There is a lot of work to be done to make workplaces equitable.
Nelson, who was a lawyer for a decade before founding her company, said she was pushed to explore "where women fit in the workplace," when she became pregnant with her first daughter.
"I felt like when I told my colleagues I was pregnant, there was an immediate change in the perspective and perception of me, even though I didn't have that about myself," Nelson said. "I would get questions like, 'So, you're pregnant, are you going to want to go to this trial?' And I was like, 'Of course I want to go. That's the only fun part of being a lawyer.'"
Nelson said she started exploring why there weren't more communities for women who were building businesses, which is why she decided to found The Riveter.
"I started talking to a lot of women who were starting businesses and learned that there wasn't really a community in real life for women where they could find resources and connections and work with men," Nelson said.
Since its founding, The Riveter has received a lot of national attention—from the Today Show, the Washington Post, Inc. and Forbes.
"From building that platform what I've realized is that the most powerful thing I can do is pass the mic to people who have less power or less platform than I do," Nelson said. "I have privilege sitting in this seat. So I can share it with other women; women of color; with people in the transgender community. I'm not sharing their stories. I'm handing the microphone to other people to tell their stories."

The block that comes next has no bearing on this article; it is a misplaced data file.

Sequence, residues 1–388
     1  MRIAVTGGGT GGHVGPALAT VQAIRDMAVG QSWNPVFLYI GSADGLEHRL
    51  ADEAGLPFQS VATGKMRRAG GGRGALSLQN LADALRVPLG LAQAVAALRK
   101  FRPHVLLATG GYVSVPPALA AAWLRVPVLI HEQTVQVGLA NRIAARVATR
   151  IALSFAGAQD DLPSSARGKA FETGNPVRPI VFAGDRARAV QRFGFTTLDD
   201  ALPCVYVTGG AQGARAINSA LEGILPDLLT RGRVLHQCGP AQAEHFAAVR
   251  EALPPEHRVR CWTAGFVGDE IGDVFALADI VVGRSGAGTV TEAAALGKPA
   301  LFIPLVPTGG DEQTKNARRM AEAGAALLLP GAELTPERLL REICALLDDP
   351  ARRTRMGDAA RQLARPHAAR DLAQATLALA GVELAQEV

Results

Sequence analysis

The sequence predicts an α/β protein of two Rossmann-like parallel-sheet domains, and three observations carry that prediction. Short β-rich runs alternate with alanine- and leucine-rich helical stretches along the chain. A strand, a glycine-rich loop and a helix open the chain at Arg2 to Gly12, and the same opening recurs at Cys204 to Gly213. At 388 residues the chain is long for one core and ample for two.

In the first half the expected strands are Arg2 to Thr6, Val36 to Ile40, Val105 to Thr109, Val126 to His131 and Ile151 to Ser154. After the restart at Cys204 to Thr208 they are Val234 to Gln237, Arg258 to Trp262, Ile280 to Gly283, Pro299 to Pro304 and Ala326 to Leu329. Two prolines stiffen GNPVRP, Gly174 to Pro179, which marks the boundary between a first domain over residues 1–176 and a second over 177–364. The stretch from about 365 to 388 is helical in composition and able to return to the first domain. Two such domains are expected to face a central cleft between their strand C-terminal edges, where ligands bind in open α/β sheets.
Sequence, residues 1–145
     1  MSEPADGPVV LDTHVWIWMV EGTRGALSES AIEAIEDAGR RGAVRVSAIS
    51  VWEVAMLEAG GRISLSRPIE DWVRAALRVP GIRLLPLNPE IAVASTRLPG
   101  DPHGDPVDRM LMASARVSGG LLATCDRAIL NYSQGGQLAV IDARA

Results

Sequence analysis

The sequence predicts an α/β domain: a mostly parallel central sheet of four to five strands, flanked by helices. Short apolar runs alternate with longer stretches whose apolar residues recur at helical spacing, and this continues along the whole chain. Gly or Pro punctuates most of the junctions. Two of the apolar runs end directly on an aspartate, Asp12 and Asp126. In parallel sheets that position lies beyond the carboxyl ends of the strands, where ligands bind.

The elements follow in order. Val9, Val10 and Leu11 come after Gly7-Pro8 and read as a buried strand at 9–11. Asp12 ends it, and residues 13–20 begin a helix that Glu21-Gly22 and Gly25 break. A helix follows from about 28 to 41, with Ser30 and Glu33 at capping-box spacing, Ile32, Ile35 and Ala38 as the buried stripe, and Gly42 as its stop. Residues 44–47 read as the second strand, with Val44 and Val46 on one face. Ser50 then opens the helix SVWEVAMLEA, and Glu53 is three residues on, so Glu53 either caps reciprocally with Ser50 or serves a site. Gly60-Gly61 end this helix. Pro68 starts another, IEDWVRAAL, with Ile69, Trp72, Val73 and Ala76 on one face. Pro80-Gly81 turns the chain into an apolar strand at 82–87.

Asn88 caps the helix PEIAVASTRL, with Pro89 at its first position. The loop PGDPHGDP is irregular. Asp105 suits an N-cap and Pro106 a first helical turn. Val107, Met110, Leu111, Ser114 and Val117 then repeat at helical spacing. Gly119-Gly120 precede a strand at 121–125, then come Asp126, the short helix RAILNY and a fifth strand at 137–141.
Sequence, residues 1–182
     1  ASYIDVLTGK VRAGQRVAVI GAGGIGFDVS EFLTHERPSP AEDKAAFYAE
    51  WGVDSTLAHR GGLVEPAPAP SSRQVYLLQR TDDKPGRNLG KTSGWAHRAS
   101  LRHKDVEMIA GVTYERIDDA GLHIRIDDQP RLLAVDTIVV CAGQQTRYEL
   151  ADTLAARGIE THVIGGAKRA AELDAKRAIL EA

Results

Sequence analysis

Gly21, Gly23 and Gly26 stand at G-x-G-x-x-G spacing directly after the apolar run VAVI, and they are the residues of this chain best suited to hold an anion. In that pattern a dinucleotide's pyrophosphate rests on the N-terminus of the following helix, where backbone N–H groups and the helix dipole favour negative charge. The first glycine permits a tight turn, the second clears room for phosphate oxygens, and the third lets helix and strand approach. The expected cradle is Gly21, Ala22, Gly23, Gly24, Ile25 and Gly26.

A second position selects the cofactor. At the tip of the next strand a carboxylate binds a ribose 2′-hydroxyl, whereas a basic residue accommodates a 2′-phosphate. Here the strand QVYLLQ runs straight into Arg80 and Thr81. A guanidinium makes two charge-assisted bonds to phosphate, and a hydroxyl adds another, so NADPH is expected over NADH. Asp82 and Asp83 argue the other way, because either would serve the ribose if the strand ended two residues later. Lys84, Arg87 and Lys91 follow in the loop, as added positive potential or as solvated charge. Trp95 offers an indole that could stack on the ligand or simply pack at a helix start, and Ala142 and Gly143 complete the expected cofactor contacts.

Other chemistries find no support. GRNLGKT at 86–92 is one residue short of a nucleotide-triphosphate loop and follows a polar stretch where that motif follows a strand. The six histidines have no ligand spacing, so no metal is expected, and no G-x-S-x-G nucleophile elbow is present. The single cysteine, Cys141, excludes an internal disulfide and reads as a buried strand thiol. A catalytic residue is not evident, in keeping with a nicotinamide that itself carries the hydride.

The other thing The Riveter aims to do, Nelson said, is build a women-run space that is inclusive of everyone.
"There are still more Fortune 500 CEOs today named John than there are women CEOs," she said. "We have to change that."
Lee, founder of Cowboy Ventures, added that the venture industry is only eight percent women partners and that "70 percent of U.S.-based venture firms have not a single female investment partner on their team."
"Your venture partners, they're supposed to be experienced, great advisors, coaches—it's almost like university professors," she said. "Imagine, in 2019, if 70 percent of U.S. universities had not a single female professor. Would you want to go to that school?"